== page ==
Model UN event gives students a voice on climate issues

(Video by Cui Chaoqun)

On Friday, students from 15 schools around the world took part in a virtual Model United Nations event, where they gave their views on climate change.

The event, titled Good Cop Bad Cop, involved 140 students from China, the UK, Australia and Ireland, who debated the climate resolutions agreed at the COP26 summit in Glasgow, Scotland, l ‘last year.

The event organizers wanted students to develop a better understanding of what tackling climate change entails and give schools around the world the opportunity to connect with schools in China.

The Model UN conference was organized by UK-based educational charity Engage with China, which hopes to boost literacy in China and develop global awareness in UK schools.

Theresa Booth, director and administrator of Engage with China, hoped the conference would help students better understand that “all nations need to collaborate, listen to each other (and) understand each other’s unique challenges and needs.”

She said such an understanding is needed “if we are to have any hope of successfully tackling global climate change, and that applies to other global issues like any future pandemic.”

Feng Jialiang, adviser for policy research at the Chinese embassy in the UK, said in a video message at the event that he would like to see continued international engagement and cooperation on climate change.

“We hope all parties involved, including the UK, will strengthen cooperation and promote green developments, to protect Mother Earth, our common home,” Feng said. “Climate change and biodiversity loss are global challenges. Addressing these challenges requires solidarity, coordination and cooperation and it also requires the continued work of future generations.”

Feng added that the Model UN event provided students with a unique opportunity to learn about multilateral processes, prepare for the future, and “contribute to building a community with a shared future for the future.” ‘humanity”.

At the conference, the students represented countries other than their own.

The six Chinese schools represented the European Union, India, South Africa, Japan, Saudi Arabia and the United Kingdom, while one Irish school represented China.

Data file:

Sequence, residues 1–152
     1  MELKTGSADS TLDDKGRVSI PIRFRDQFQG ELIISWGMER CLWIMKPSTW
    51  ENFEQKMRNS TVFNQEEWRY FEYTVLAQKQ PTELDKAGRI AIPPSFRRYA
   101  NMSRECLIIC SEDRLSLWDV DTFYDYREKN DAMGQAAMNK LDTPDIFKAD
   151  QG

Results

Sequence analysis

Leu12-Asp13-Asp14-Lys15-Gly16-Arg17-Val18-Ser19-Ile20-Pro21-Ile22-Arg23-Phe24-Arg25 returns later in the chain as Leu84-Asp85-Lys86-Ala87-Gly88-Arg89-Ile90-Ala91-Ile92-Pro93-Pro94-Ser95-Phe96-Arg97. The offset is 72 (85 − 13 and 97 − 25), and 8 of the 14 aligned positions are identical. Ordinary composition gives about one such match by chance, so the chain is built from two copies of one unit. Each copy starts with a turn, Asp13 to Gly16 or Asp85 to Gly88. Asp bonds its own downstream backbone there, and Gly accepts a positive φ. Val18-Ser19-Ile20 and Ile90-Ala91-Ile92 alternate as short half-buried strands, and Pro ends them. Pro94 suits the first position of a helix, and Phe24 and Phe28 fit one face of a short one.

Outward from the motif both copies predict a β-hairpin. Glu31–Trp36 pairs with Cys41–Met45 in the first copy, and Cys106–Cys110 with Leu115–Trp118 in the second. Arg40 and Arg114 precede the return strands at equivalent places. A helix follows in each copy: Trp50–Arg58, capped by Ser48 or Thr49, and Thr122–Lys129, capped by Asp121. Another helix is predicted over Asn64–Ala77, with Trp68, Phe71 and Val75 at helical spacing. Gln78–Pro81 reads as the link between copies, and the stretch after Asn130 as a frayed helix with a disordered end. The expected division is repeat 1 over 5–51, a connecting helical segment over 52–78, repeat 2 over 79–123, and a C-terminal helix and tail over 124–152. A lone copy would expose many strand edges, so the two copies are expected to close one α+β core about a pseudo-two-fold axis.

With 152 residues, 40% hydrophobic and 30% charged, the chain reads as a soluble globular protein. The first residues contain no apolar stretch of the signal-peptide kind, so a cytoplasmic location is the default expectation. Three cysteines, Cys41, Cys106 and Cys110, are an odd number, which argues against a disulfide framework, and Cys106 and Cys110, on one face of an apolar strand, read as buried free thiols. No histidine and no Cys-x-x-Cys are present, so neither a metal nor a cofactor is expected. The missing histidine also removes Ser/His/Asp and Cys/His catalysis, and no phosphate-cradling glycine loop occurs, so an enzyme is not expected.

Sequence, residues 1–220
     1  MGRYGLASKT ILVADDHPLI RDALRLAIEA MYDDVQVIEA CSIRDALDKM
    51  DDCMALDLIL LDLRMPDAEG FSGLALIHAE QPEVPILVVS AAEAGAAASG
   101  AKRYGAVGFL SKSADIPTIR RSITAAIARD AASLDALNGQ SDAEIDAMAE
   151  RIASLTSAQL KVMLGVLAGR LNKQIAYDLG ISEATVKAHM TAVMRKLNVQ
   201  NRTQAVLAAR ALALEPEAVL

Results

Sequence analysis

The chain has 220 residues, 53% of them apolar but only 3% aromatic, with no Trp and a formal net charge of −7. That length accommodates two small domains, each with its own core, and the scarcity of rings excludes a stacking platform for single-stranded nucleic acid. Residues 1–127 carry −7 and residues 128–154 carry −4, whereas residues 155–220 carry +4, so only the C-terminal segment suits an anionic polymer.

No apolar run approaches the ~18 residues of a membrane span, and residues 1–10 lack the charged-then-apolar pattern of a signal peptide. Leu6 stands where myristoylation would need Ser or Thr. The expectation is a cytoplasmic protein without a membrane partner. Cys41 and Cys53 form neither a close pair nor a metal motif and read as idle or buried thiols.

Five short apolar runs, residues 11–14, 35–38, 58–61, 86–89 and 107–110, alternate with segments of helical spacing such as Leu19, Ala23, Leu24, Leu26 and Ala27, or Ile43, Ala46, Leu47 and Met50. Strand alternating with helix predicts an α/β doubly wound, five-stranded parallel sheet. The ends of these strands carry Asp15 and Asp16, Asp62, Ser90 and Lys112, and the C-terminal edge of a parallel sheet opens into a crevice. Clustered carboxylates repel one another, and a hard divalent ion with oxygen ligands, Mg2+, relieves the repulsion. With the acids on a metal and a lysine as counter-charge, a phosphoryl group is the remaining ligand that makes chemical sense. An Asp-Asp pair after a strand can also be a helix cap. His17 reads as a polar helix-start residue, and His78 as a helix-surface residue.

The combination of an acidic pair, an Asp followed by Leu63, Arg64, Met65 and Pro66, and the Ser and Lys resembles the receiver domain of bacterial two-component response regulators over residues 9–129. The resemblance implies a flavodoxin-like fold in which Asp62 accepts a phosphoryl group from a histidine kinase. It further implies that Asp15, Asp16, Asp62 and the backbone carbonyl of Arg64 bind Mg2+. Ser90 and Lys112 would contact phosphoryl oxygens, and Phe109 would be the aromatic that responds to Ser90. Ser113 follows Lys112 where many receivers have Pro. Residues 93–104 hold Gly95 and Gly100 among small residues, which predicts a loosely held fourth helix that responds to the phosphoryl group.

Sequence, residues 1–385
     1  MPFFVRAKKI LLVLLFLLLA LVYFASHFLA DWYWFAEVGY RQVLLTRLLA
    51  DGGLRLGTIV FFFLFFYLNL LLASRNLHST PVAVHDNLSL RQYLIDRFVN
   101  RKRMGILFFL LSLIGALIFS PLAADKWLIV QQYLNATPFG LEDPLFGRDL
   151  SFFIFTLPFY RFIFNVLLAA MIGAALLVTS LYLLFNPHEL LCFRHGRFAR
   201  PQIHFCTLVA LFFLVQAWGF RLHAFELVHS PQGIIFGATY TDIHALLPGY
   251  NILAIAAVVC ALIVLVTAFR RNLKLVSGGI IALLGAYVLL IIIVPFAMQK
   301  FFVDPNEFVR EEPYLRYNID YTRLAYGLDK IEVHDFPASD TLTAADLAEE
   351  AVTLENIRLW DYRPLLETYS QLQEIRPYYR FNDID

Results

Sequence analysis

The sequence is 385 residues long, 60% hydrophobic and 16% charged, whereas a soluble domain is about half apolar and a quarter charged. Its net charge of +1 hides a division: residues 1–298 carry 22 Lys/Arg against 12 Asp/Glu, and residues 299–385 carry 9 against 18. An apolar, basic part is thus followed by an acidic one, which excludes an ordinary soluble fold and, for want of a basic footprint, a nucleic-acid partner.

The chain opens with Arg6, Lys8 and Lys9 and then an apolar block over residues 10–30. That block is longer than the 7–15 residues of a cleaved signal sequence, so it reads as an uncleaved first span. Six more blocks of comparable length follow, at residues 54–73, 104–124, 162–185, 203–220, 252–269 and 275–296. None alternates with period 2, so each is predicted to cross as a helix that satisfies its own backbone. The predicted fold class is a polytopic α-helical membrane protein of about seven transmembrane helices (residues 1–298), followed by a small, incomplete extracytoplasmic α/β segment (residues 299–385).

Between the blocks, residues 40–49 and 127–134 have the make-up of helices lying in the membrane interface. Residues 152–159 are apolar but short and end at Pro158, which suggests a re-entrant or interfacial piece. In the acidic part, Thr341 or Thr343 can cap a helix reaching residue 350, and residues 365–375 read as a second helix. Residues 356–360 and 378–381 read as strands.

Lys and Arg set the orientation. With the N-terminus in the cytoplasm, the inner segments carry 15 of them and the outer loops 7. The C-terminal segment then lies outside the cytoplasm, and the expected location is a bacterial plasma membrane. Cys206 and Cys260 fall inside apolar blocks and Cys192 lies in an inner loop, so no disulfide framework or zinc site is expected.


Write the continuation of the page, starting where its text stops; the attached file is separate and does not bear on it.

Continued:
Before dividing into different virtual rooms to discuss different aspects of climate change, the student delegates made introductions and presentations.

King’s Hospital School, Dublin, Ireland, represented Barbados.

The school delegate said: “Climate change may not seem too real to those in other countries, but for countries like Barbados and my home country of Ireland, we live on islands and it is becoming very real to watch the sea come closer and closer every year to your homes and livelihoods and will lead to the imminent death of billions of people around the world who live in lowlands.”

The delegate from the Shenzhen Foreign Language School in China, representing Saudi Arabia, said: “It is important to stress that climate change is happening and it poses a very serious threat to our weather. Fortunately, there are many solutions to climate change, they are well understood… Implementing climate change policies is a long process and cannot be implemented all at once.

The Marlborough College delegate said: “Climate change is an underlying threat to all nations, communities and individuals around the world and it is something which, although not immediately apparent everywhere, must be addressed. urgently addressed… The very fact that the students are here today to debate, assess and reflect on the successes of the international community at COP26 shows the hope that future influencers will be ready to bring change and achieve goals.”

Teresa H. Sadler